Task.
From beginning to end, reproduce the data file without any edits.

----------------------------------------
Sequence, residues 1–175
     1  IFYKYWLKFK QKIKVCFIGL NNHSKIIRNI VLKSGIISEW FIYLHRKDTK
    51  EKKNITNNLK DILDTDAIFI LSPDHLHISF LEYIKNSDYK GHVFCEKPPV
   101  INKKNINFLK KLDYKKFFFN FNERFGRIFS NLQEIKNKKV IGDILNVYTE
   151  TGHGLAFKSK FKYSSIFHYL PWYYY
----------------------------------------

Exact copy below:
Sequence, residues 1–175
     1  IFYKYWLKFK QKIKVCFIGL NNHSKIIRNI VLKSGIISEW FIYLHRKDTK
    51  EKKNITNNLK DILDTDAIFI LSPDHLHISF LEYIKNSDYK GHVFCEKPPV
   101  INKKNINFLK KLDYKKFFFN FNERFGRIFS NLQEIKNKKV IGDILNVYTE
   151  TGHGLAFKSK FKYSSIFHYL PWYYY